The historical role of women in crypto Judaism has been studied by Levine (1982) who analyzed the Inquisition records of 111 women accused of the crime of Judaizing between the years 1492 and 1520 in Spain . The trial records indicate that, as persecution led to the elimination of Jewish public worship in Spain , the survival of Judaism relied on the privatization of Jewish practice; this led to the expansion of women's religious roles in the crypto Jewish home. Thus, Levine reports, it was often the preservation of ritual by women that sustained the hidden Jewish culture of the Inquisition period.
The ethnographic data from this study indicate that twentieth century women, like their ancestors, preserved the family's connection to Jewish heritage. The accounts of the respondents reveal that a body of ritual has survived, which contains elements of Jewish practice and faith. In this regard, the participants report that women in the family performed rituals and customs relating to the Sabbath, religious holidays, and Jewish dietary laws. Within these categories of ritual practice, norms of secrecy and concealment were observed among descendants of crypto Jewish families, creating a separate sphere of female religious practice within the Latino family.
Sabbath Observance . Among the rituals remembered by crypto Jewish descendants, Sabbath observance is perhaps the most important link between families and their Jewish past
The data on Sabbath observance reveals that crypto Jews engaged in covert acts of resistance, similar to those described by James Scott (1990) in his analysis of ritual responses to domination and oppression. Within crypto Jewish families, the lighting of oil lamps and candles on the Sabbath represents a form of covert behavior that challenges the theological hegemony of the dominant Christian culture. In one of the earliest ethnographies of crypto Judaism in New Mexico , a descendant describes the observance of these ritualistic aspects of the Sabbath as they were practiced in the early and middle twentieth century:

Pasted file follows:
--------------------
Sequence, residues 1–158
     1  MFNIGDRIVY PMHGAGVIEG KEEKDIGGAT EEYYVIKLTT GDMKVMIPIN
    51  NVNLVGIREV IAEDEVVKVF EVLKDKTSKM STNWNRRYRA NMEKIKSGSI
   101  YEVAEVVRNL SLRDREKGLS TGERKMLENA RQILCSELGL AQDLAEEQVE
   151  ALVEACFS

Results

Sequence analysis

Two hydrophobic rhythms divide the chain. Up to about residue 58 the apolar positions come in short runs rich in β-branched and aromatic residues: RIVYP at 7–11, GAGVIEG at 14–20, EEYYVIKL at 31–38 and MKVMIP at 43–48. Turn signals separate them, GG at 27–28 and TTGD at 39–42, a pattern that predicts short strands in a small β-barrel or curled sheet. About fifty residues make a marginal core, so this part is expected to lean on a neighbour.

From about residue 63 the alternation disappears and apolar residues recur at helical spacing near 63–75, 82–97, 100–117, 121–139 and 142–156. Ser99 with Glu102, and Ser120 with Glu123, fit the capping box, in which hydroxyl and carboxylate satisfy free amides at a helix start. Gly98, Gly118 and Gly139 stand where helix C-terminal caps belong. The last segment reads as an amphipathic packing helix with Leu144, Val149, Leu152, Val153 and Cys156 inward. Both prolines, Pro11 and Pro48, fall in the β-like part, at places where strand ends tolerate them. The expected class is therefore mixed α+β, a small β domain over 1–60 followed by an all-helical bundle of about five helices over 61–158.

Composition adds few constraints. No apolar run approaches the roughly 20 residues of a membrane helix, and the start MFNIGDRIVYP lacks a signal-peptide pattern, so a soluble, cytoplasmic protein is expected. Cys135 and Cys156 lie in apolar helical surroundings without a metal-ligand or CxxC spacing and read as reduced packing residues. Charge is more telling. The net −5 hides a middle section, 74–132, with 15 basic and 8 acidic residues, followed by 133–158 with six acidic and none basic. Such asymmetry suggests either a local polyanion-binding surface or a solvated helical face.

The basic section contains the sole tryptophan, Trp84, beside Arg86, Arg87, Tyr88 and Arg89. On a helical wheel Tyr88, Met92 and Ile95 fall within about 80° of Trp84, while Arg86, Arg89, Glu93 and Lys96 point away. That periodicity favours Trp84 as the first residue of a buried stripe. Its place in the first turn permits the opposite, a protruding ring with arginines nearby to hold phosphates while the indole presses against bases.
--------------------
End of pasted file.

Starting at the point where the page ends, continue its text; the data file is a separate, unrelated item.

Women will shop on Fridays and try to get home as soon as supposedly. Some of them light candles supposedly to the saints, but they will never tell you which saints. Instead of candles some will light a wick in a bowl of olive oil and this will burn for six to seven days. (Nidel 1984:253)
The descendants of twentieth century crypto Jews living in Mexico report that the women sought a variety of means to conceal the lighting of the Sabbath candles. Among their strategies was the practice of lighting Sabbath oil lamps in a church so that no one would suspect the family of being " sabatistas ." A female respondent, 55, offers this recollection of her mother's weekly ritual:
Every Friday my mother went to church and she always had. She would pay the church-keeper to pour the oil directly into the lamp on the highest altar and she always made sure that they had the oil burning from week to week. It would be two or four in the afternoon. The church was empty and she would go up to the altar and start praying. And I said, "Who are you praying to? There are so many saints in there and she would say, "We are praying to ourselves. Don't speak, don't say anything in here. We are praying to the Holiness.” And she would never say God, which is Dio in Spanish or Christ or anything. But she always went there and prayed to the Holiness. It was very confusing to me. I knew that Christ was someone special but that he was not the same as God. It seemed like we ware not really true Catholics.
In the above account, the actions of the crypto Jewish women manifest an element of subversion, as a hidden Jewish ritual is performed within the sacred confines of the Catholic Church. In this example of resistance, the location of the Sabbath observance seems especially significant, as the Church became the site of ritual practices that affirmed the survival of Judaism.